Term
Two basic types of sampling 

Definition
 probability based
 non probability based



Term

Definition
¤The entirety.
¤All the members/elements you can think of within a specific category.
¤Size and characteristics depend on what one is thinking of studying 


Term
Char. of probability sampling 

Definition
 always for quantitative research
 sampling units have known probability of being selected
 involves statistical analysis
 results can be generalized
 sample size calculation is involved



Term
Char. of nonprobability sampling 

Definition
 usually for qualitative research methods
 no such thing as known probability
 doesnt involve statistics (except status quo sampling)
 results are not intended to be generalizable
 sample size calculation is not involved



Term

Definition
¤The act of taking a sample
¤a process of selecting what/who will participate in a study 


Term

Definition
The complete list of all elements from where you select what/who you want to study 


Term

Definition
¤Part of the whole
¤A methodical selection of the required number of sampling units from a defined population 


Term

Definition
population about which information is required 


Term

Definition
the population that is actually listed in your sampling frame, sometimes target population and study population are the same population 


Term

Definition
¤Simple random sampling
¤Systematic sampling
¤Twostage sampling (cluster sampling)
¤Stratification 


Term
Effect of random sampl,ing 

Definition
 ensures equal chance of getting selected
 those I selected can represent those who have not been selected
 should have representatitive sample of population where it was collected



Term

Definition
¨The most basic sampling design.
¨If you can make a complete list of your target population then you can use simple random sampling
¨The idea is to assign a number to each of the units in a population and then use a random number generator of some sort to choose the respondents for the analysis. 


Term
Process of simple random sampling 

Definition
¨Obtain a sampling frame that contains all the units in the study population (walking door to door, use census, etc.).
¨Number each unit from 1 to N—the study population size.
¨Select sampling units using a sequence of random numbers between 1N using a random number table or calculator or software (Excel, Stata)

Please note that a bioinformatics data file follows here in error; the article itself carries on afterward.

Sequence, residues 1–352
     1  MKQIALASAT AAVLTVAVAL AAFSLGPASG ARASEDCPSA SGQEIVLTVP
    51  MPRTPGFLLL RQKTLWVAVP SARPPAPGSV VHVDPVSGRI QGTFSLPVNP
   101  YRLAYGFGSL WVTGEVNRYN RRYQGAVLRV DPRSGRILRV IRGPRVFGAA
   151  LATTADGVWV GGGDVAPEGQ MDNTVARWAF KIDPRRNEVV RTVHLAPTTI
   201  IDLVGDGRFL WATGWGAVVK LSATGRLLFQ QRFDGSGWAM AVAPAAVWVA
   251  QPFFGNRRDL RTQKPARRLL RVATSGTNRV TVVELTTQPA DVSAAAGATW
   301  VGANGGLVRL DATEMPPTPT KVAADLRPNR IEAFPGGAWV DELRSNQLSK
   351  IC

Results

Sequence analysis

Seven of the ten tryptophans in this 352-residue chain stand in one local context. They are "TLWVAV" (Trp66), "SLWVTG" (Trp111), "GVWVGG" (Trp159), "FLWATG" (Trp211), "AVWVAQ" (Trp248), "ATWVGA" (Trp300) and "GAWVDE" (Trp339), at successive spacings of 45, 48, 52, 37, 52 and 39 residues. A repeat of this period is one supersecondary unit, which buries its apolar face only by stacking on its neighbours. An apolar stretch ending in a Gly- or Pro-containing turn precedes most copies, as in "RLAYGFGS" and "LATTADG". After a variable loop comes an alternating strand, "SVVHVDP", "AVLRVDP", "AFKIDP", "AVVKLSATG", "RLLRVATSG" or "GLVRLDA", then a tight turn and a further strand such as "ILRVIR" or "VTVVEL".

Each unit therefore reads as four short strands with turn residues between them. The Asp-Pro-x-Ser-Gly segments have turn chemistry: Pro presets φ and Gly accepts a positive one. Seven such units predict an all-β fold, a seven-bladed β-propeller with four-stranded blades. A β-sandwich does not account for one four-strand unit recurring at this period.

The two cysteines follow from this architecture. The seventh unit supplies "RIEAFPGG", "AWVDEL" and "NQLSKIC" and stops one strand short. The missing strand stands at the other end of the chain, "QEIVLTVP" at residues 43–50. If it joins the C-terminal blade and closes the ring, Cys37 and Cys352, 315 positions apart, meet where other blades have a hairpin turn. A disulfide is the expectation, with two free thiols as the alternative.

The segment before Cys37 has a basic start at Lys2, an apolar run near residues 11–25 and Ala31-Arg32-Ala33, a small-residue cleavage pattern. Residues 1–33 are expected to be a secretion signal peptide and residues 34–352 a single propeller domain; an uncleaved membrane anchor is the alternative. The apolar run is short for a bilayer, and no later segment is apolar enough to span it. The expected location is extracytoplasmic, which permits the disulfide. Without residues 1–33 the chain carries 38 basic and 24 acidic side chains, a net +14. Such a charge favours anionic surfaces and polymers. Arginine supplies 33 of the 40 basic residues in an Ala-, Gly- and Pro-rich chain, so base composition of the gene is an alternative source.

The most practical way of doing this for anything more than very small numbers is to hold the list electronically (in Stata) and generate a column of random numbers beside it. Then sort the list by the random numbers and take the first n units (n = desired sample size). 


Term
random number tables: when to use 

Definition
when in the field and cannot use computerized simple random samples 


Term
random number table: Process 

Definition
¨Number each member of the study population.
¨Determine study population size (N).
¨Determine sample size (n).
¨Determine starting point in table by randomly picking a page and dropping your finger on the page with your eyes closed.
¨Choose a direction in which to read (up to down, left to right, or right to left).
¨Select the first n numbers read from the table whose last X digits are between 0 and N. (If N is a two digit number, then X would be 2; if it is a four digit number, X would be 4; etc.).
¨Once a number is chosen, do not use it again.
¨If you reach the end of the table before obtaining your n numbers, pick another starting point, read in a different direction, use the first X digits, and continue until done. 


Term
Difficulties in practicing simple random sampling 

Definition
 too many households
 widely distributed households
 no lists of households readily available
 high transport cost
 difficult management
 requires complete sampling frame
 expensive with widely distributed population even with complete sampling frame
 SRS usually practical only for small compact populations



Term

Definition
¨Every Kth unit in a list is selected for inclusion in the sample
¨To be effective, there needs to be no systematic order in the list
¤Be very careful if names are listed alphabetically.
¤If the interval chosen is 12 and you had monthly data, then you would always choose data from the same month.
¨Empirically identical to simple random sampling 


Term
When is most useful to use systematic sampling 

Definition
no precise sampling frame 


Term
Advantages and disadvantages of systematic random sampling 

Definition
¨Advantages
¤You can start without having a precise sampling frame
¤Easier to keep track in the field
¤With an inherent trend in the sampling frame, representation is ensured from minimum to maximum values of the trend.